Over the years, historians of early modern Europe have studied religious identities as inflexible constructs, claiming that people perceived one another as either fellow believers or heretic dissidents. By drawing from the concepts of Bernard Lahire, this project aims to reassess this reductionist view. Instead, we hypothesize that individuals were capable of possessing multiple identities at once, and that this identity flexibility was the key to regulating coexistence between different confessional groups in early modern society. To establish this, this project will examine the interaction between Catholics and Calvinists in the ‘Geuzenhoek’, an agglomerate of biconfessional communities in the countryside surrounding Oudenaarde (mainly the villages of Sint-Maria-Horebeke, Mater, and Etikhove), between 1600 and 1750.
The research objectives are threefold. First, the social, political, and economic context of the region will be characterized, thus sketching the rural framework in which interreligious interaction took place. The second step entails the deep description of the religious identities of both the Catholic and the Calvinist villagers. Finally, the nonreligious identities and their influence on religious coexistence in the ‘Geuzenhoek’ will be addressed.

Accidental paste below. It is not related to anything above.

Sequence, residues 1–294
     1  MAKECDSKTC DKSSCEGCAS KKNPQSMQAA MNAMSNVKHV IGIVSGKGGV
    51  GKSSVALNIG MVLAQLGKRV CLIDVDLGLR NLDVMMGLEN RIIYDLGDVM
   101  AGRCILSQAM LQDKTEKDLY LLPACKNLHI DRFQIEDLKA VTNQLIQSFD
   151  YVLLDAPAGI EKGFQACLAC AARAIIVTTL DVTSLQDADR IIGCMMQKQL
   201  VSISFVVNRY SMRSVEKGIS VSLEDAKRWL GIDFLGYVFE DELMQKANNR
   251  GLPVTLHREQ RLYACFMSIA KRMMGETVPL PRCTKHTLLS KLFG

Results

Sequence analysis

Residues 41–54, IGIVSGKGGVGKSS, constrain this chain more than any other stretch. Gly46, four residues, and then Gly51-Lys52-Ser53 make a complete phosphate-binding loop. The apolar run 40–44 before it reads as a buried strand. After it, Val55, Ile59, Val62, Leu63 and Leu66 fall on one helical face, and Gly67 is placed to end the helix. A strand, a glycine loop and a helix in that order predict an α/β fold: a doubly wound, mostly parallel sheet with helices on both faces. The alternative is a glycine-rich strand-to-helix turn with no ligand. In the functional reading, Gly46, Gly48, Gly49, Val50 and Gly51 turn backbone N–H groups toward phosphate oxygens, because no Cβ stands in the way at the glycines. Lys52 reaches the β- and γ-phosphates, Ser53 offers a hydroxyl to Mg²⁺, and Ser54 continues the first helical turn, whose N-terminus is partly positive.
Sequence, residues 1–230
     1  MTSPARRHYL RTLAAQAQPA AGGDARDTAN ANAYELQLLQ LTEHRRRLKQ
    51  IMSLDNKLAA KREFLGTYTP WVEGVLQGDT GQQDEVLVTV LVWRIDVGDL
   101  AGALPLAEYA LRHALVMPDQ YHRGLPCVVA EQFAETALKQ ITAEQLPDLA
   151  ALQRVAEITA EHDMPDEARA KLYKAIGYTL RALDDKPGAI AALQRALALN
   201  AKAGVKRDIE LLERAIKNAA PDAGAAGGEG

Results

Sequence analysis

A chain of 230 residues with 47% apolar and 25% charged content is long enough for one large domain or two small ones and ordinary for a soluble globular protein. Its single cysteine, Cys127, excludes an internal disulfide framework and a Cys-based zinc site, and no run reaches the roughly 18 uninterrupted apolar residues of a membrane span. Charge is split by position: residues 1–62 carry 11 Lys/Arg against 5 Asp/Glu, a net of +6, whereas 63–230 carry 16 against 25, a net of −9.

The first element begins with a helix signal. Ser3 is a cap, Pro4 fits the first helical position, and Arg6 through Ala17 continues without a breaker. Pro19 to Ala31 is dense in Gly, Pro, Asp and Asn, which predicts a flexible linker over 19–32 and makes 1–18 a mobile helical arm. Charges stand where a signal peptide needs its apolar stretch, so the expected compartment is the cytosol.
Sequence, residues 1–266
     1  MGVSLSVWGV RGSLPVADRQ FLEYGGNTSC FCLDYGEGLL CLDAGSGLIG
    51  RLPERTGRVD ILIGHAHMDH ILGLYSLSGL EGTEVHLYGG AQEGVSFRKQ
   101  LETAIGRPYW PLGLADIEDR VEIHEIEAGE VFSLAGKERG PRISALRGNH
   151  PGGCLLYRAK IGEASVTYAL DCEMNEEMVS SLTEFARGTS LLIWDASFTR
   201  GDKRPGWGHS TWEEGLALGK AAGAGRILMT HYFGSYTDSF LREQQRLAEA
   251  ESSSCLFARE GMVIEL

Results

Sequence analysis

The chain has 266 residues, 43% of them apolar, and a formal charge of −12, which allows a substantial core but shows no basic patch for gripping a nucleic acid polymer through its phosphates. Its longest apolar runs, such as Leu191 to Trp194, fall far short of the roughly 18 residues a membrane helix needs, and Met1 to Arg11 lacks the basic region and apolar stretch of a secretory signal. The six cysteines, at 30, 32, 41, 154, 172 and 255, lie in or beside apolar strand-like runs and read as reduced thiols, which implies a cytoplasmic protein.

In short, this research aims to provide a fresh outlook on early modern religious identities, whilst also analyzing a rare example of multiconfessionalism in the 17th- and 18th-century Southern Netherlands.